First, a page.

In force

Insulins and doping: How long can we detect them in blood and urine?

Principal investigator
K. Deventer
Ghent University
Year approved
Other Growth Factors

Project description

Code: 18C07KD 

Insulins are therapeutically used for the treatment of diabetes mellitus. There are rumors that insulins are used by athletes for anabolic properties. Consequently their use is prohibited by WADA. To control their abuse several sensitive methods for the detection of insulins in blood and urine have been described for doping control purposes. Generally, the applicability of these methods is illustrated with blood and urine samples from diabetic-patients. Indeed, blood and urine samples can be easily collected from diabetic patients without major ethical concern. Unfortunately, it can not be excluded that these samples are not representative for a healthy athlete population because of the diabetic status of the patients. Additionally, these spot-samples don’t give information on detection times. In general, no administration studies, from which the results are readily applicable to doping-control, have been performed. Therefore the aim of this project is to administer a single dose of insulins to healthy volunteers and to investigate detection times in blood and urine.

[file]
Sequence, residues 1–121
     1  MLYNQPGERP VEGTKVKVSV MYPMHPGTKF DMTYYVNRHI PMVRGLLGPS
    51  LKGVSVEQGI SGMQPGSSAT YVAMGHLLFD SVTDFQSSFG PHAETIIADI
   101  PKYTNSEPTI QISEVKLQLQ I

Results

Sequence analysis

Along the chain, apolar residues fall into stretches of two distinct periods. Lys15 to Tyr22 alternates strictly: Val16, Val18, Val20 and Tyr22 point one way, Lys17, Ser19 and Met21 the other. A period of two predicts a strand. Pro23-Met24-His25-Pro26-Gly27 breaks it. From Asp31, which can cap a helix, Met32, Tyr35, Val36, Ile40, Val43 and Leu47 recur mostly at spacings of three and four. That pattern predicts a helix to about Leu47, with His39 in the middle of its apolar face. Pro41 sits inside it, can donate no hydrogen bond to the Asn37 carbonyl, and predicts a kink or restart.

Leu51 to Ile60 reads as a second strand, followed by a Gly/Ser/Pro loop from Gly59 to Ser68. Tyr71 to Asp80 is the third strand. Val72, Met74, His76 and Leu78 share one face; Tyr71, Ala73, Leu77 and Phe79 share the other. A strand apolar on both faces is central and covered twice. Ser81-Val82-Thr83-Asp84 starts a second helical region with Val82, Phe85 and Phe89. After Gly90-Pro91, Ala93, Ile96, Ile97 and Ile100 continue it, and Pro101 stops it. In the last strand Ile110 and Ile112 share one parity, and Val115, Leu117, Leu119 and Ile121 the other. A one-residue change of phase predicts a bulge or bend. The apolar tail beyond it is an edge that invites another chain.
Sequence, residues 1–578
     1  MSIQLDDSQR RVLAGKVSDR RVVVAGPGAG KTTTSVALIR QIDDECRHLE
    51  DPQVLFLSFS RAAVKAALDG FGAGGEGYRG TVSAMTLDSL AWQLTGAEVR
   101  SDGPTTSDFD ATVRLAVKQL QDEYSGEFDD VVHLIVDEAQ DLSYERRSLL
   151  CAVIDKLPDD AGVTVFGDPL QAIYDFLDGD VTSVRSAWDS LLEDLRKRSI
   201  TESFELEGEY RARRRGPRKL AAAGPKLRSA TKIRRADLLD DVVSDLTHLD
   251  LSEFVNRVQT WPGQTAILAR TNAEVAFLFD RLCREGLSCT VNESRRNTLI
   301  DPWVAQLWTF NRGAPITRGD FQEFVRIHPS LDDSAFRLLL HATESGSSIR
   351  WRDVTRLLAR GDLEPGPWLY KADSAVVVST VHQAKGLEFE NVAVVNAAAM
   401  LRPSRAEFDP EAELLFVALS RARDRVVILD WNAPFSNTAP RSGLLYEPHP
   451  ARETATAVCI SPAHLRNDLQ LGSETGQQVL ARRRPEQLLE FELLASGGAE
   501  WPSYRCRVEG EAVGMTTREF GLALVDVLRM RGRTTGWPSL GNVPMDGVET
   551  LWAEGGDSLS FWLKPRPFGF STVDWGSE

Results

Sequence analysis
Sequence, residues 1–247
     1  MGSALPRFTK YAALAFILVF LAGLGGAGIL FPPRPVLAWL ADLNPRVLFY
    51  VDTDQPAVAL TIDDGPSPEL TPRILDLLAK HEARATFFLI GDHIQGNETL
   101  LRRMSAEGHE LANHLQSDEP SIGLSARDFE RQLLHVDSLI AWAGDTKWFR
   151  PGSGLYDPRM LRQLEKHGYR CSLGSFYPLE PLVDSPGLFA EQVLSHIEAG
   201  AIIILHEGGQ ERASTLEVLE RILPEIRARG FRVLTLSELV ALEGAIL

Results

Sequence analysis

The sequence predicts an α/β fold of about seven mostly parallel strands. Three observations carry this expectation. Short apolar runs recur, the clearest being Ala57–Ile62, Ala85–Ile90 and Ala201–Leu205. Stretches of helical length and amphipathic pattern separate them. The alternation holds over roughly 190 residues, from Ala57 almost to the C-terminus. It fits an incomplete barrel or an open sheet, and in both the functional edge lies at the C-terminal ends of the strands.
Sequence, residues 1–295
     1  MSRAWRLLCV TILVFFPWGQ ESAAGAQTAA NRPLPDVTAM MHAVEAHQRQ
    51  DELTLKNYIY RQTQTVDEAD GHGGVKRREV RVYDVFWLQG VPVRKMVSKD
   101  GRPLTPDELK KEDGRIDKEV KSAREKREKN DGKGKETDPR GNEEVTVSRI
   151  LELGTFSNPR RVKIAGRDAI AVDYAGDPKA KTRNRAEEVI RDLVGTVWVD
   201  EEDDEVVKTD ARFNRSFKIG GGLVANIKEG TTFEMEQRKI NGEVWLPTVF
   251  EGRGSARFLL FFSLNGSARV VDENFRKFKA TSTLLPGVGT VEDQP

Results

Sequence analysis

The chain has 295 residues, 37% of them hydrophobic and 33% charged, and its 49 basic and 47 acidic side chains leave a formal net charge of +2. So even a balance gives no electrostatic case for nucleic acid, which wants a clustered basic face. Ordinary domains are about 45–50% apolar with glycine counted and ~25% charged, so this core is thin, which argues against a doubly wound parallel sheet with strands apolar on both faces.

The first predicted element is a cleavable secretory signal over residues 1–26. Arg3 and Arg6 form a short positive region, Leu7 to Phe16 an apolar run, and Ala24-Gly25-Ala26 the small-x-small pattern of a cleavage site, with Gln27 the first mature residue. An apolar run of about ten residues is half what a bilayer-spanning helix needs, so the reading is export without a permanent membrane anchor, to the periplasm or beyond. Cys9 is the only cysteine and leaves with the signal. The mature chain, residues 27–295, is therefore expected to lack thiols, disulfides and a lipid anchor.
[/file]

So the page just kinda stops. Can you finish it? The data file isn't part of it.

Because administration of a high dose of insulins can result in a life threatening situation only a low dose will be administered (0.05IU/kg). Three short acting insulins Lispro, Aspart and Glulisine will be investigated. Blood and urine samples will be collected from 1 week before administration, until 3 days after administration. The result of this project will be useful for doping organizations to set testing windows and for doping laboratories to evaluate their detection methods.

Main Findings: 

A simplified immunoaffinity purification LC-HRMS method was presented for the identification of the synthetic insulin analogue Lispro, Aspart and Glulisine in serum and urine samples. LODs obtained in serum for all 3 compounds was 500 pg/ml. In post administration serum samples, the insulins were detectable up to 6 hours.

More importantly, urinary detection resulted in much better results in terms of method development, validation (LODs 5 pg/ml, LOIs 10 pg/ml) and detection windows of these three rapid-acting insulins. Following the single injection (0.05 IU/kg), the administered analogues could be detected up to 12 hours and identified according to the TDICR2015 document up to about 9 hours using the presented analytical strategy.